Thursday, November 12, 2009

Martin Bogan and Armstrongs - Barnyard Dance (1972)

Track List

Side One: Side Two:

Lady be Good French Blues
Carl's Blues Mean Mistreatin' Mama
Corrina, Corrina Old Man Mose
Barnyard Dance Alice Blue Gown
Cacklin' Hen Knox County Stomp
Sweet Georgia Brown
Carl Martin-Mandolin
Ted Bogan-Guitar
Howard Armstrong-Violin
L.C. Armstrong-Bass

I found out about Howard Armstrong from an instructional blues mandolin DVD taught by Steve James . My interest was further piqued when I purchased a blues mandolin book written by Rich DelGrosso. I next found a movie soundtrack from a Terry Zwigoff documentary featuring Howard Armstrong and Ted Bogan. The movie itself was up on Youtube for a while, but Zwigoff had it taken down. I was lucky enough to obtain a copy of the movie myself. If you would like information on where to find it shoot me out an email. It is thoroughly entertaining and I'd say inspiring as well.

I found this particular album at the library and could not find anywhere to purchase it online, so i transferred it to MP3 format. I know that Rounder Records has the rights to it, but I do not believe that it is still in print. Sooo... Enjoy at least for now.

If you end up liking this album, another really good one is an album Carl Martin did called Crow Jane Blues. You can download this album at Muddy Sava Riverbank. Link

Liner Notes:

Carl Martin, Ted Bogan and Howard Armstrong, the core members of the Four Keys which originated in Huntington, West Virginia in 1931, played all throughout the Southeast and North for radio broadcasts, square dances, churches, picnics, weddings, and taverns. They played the tunes most often requested, including many popular songs of the '20s and '30s, the blues and old-timey fiddle tunes. Either the fiddle or mandolin would take the lead, while the other would play around the melody. The guitar would play backup rhythm while the bass was usually bowed.

Carl Martin was born April 15, 1906, in Big Stone Gap in the coal-mining region of virginia, one of 13 children. His father was a stone mason who played the violin, and was known as Fiddling Martin. Carl took up guitar at an early age, and recalls the first tune he played was John Henry. At 17 he moved to Knoxville, Tennessee, where he first met his brother Rolan, some 30 years older than Carl. Rolan had lost his sight to glaucoma while working as a barber, and by the time Carl met him he had taken up fiddle and formed a string band. Carl played guitar and bowed bass with Rolan's band, and although Carl didn't take up the violin until several years later, Rolan's fiddling had a strong influence on him: fiddle tunes like Sourwood Mountain, Downfall of Paris, Cumberland Gap, Cacklin' Hen; blues tunes like Hesitation Blues, Railroad BLues, St. Louis Blues and Wang Dang Blues.

While playing with Rolan's Band, Carl met Howard Armstrong who was 14 at the time and played mandolin, violin and guitar. Carl and Howard broadcast over WNOX in Knoxville for awhile, and then went on the road with an herb medicine show. On returning to knoxville they met Ted Bogan, formed a group and went to Bristol, Virginia, where they broadcast over WOPI. The radio station featured live broadcasts with a studio audience and phoned-in requests. The request they most often received was Nobody Know when You're Down and Out. After playing Bristol several months, they played many towns in North Carolina, Virginia and West Virginia before forming the Four Keys.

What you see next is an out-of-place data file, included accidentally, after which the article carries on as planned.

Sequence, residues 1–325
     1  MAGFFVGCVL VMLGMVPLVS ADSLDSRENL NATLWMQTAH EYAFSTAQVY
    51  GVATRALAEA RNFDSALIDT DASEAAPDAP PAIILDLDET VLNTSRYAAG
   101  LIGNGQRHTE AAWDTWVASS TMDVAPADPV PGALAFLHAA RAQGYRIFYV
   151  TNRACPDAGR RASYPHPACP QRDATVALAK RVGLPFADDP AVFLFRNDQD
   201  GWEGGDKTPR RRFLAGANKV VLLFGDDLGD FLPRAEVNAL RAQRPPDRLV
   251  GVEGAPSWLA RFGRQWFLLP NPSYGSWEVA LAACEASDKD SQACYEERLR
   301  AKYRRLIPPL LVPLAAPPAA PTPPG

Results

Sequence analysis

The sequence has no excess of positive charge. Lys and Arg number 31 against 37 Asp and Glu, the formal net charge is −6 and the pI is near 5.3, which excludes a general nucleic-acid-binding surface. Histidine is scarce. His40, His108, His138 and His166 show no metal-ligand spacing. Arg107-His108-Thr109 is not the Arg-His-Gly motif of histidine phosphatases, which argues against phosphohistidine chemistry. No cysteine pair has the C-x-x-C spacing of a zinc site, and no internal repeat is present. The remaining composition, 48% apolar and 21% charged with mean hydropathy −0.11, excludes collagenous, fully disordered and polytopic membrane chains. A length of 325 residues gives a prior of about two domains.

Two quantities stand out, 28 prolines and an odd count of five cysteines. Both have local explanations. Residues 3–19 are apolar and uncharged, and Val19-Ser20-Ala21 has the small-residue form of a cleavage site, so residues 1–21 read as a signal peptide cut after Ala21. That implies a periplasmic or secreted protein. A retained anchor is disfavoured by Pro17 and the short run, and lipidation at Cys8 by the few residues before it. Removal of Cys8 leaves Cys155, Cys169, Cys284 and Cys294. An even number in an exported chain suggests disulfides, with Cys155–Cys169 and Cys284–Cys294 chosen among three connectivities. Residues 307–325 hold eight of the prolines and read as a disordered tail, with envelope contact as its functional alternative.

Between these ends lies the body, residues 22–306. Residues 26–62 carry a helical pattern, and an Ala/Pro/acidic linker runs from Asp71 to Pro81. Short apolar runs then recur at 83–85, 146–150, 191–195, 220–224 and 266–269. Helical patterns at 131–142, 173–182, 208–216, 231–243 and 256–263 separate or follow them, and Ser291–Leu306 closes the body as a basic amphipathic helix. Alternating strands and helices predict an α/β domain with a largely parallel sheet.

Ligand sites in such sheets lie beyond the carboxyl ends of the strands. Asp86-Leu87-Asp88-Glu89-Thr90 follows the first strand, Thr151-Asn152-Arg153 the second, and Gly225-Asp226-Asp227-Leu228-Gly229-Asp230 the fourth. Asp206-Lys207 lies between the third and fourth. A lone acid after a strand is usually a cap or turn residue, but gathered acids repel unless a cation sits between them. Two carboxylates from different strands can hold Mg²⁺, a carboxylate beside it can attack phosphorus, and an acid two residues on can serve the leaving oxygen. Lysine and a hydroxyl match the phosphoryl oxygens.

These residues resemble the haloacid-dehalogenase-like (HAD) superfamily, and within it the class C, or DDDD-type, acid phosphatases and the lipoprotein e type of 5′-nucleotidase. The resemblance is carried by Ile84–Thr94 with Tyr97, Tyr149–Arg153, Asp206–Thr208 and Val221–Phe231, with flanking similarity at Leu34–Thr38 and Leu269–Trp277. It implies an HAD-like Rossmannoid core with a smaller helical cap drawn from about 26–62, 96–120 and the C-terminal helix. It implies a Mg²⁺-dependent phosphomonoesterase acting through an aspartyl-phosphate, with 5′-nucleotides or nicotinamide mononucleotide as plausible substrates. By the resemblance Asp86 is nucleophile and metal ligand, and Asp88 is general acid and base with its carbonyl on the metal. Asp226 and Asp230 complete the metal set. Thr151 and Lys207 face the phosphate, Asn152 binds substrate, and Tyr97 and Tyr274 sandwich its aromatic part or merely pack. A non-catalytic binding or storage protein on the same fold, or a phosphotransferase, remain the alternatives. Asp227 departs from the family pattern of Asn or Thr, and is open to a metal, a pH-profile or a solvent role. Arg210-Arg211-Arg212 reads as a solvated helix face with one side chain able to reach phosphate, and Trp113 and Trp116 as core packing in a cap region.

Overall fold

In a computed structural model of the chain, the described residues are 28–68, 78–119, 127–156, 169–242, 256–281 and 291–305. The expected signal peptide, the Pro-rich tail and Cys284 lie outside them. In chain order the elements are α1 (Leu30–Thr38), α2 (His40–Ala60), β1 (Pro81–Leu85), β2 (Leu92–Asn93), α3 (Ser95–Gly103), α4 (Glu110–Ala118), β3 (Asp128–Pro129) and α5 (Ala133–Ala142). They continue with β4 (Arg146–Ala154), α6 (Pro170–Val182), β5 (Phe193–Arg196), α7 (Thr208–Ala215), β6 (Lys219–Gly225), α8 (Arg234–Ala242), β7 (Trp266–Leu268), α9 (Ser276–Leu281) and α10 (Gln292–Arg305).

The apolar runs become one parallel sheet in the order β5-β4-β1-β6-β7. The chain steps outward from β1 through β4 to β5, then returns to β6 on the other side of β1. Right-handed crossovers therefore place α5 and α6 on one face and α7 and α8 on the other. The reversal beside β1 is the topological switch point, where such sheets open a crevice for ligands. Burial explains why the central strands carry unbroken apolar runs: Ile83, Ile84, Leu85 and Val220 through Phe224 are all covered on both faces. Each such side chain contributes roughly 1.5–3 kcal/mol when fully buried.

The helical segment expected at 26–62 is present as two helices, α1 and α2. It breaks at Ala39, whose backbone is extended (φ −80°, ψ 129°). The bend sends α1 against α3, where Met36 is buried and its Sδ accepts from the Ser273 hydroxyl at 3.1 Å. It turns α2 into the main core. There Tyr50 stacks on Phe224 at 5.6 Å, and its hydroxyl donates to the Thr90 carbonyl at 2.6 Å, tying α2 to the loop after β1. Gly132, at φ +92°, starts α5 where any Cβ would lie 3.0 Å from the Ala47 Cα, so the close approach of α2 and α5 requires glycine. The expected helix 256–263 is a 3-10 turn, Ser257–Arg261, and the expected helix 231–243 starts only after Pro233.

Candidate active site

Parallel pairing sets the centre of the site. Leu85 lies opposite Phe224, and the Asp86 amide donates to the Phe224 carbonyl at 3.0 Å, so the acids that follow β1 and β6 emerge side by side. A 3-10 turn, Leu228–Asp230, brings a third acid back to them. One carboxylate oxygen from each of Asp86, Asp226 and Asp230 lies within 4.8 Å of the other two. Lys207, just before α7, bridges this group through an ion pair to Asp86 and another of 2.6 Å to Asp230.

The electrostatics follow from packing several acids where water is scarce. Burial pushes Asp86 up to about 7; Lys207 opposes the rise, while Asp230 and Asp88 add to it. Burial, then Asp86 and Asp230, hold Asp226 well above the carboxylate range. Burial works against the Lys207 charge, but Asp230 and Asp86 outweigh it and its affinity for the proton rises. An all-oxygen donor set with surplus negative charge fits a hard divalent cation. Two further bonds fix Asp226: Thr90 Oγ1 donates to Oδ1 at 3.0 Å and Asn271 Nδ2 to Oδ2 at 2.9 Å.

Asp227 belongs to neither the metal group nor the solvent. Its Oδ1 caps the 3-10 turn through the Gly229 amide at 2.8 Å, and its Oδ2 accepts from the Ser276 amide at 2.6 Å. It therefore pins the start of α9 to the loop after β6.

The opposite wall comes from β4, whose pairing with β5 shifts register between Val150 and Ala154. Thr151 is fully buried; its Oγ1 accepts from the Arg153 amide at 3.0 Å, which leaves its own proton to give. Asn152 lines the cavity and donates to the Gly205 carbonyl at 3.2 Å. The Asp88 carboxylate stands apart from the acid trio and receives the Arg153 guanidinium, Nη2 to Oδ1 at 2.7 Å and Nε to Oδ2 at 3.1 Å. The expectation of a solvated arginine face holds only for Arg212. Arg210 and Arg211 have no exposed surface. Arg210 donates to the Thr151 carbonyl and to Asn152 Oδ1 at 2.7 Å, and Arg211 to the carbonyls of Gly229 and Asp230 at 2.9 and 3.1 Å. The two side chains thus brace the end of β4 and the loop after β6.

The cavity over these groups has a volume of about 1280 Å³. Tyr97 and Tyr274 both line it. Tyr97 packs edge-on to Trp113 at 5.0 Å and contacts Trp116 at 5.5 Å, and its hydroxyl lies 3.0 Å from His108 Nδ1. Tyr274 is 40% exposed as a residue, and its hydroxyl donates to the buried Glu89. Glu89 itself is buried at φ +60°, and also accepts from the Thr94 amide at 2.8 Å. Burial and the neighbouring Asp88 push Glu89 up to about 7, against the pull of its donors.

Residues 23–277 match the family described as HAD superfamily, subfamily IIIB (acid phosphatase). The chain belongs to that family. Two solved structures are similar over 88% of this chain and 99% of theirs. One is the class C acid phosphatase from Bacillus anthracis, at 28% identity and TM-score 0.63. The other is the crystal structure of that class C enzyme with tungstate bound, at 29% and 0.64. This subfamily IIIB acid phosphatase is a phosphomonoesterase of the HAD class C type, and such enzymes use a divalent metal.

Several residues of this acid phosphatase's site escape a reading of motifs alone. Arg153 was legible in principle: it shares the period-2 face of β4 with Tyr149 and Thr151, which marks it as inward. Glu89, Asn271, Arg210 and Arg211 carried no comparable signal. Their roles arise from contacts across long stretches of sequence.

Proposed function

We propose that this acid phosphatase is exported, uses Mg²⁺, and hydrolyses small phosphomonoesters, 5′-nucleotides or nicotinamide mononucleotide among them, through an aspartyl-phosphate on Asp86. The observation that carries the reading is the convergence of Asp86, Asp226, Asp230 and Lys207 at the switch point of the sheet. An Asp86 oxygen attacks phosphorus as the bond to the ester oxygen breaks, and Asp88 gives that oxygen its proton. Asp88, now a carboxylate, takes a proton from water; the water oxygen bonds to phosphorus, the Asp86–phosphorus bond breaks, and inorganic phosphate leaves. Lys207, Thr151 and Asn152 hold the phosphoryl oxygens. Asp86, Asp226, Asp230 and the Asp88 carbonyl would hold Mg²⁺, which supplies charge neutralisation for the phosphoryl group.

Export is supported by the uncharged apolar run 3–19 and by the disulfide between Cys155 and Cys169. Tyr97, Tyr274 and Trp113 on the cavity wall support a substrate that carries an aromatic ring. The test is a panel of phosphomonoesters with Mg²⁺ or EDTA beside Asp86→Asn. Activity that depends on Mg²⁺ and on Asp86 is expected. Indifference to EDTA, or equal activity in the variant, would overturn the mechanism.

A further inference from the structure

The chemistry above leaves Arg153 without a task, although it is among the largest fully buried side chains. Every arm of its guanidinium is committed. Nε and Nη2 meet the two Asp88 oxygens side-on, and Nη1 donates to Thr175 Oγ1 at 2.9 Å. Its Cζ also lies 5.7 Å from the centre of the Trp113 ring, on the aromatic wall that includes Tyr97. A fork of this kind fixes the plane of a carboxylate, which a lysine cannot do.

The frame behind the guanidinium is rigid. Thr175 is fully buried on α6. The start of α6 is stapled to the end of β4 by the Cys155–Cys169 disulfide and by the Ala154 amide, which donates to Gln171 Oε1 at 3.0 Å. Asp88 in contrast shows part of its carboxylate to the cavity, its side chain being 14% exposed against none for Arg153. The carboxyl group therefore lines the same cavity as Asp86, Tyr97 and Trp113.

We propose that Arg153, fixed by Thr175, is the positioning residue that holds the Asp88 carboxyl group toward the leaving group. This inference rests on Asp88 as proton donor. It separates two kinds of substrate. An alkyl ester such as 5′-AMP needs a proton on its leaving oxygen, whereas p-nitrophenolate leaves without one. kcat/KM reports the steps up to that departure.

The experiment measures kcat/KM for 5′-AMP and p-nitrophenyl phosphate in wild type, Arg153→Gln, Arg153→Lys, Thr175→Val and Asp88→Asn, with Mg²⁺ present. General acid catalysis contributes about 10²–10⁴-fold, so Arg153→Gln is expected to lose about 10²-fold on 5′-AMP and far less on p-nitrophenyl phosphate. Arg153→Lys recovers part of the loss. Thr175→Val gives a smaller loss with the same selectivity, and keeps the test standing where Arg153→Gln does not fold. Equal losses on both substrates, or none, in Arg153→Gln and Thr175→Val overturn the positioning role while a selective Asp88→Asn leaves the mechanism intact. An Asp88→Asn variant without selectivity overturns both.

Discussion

TedBogan was born May 10, 1910, in Spartenberg, South Carolina. He learned to finger pick guitar and picked up techniques listening to Blind Blake and Leroy Carr records. HE played in a medicine show run by a Canadian who called himself Dr. Mines. Besides Musicians, the show hired comedians, including Bozo Brown, Ham Bone and Leroy. Two of the dances popular then were Bucking Wing and the Possum Walk. After playing the medicine show several months, Ted started broadcasting over WSPC in Spartenberg.
When Ted moved to Knoxville where he met Carl and started playing with a group, he took up flatpicking the guitar. He developed a stye using chords he called octahaves, with the first and sixth strings the basic notes of the chord. He makes use of minor ninths to elaborate on the chord structure of his songs. and example on this album is Lady Be Good:

G, /, Dm9, G, Cm9, ///, G, /////, F#m9, /
Dm9, ///////, G, /, Em, /, Am, /, D7, /
G, Dm9, G, Cm9, ///, G, /////, F#m9,/
Dm9, ///////, G, /, C, Cm, G, / G7, /
C, ///, Gdim, ///, G, /////, Gaug, /
Em6, ///, A7,///, Dm9, ///////
G, /, Dm9, G, Cm9, ///, G, /////, Ddim, /
Dm9, /////, D7, /, G, ///////

Howard Armstrong was born in Lafayette, Tennessee, and began playing violin at an early age. Howard recalls his mother insisting he play hymns and spirituals, soft and slow, but when she left the house he'd pick up the tempo and add a few blue notes until he got it to where it was sounding really good. He showed an interest in all musical instruments, and could play anything that had string on it. He also learned fiddle tunes from Rolan Martin, such as Cacklin' Hen on this album, and to this day one of the best compliment he could receive when he gets the fiddle singing is that he "sounds like old Rolan on the fiddle.

Howard took to music and went on the road at 16. He's self-educated and speaks some seven different languages, including Mandarin Chinese.

Also and artist, he has contributed the front cover of this album.

L.C. Armstrong, Howard's Brother, was born in Lafayette, Tennessee, and plays guitar and bass. He has played popular music and jazz with several bands, and for many years was the leader of his own highly successful jazz group which broke up only a few years ago. L.C. still plays whenever he gets the chance. He currently lives in Detroit, Michigan.

1 comment:

  1. You are doing a great public serivce sir!
    Pizza's Off To You!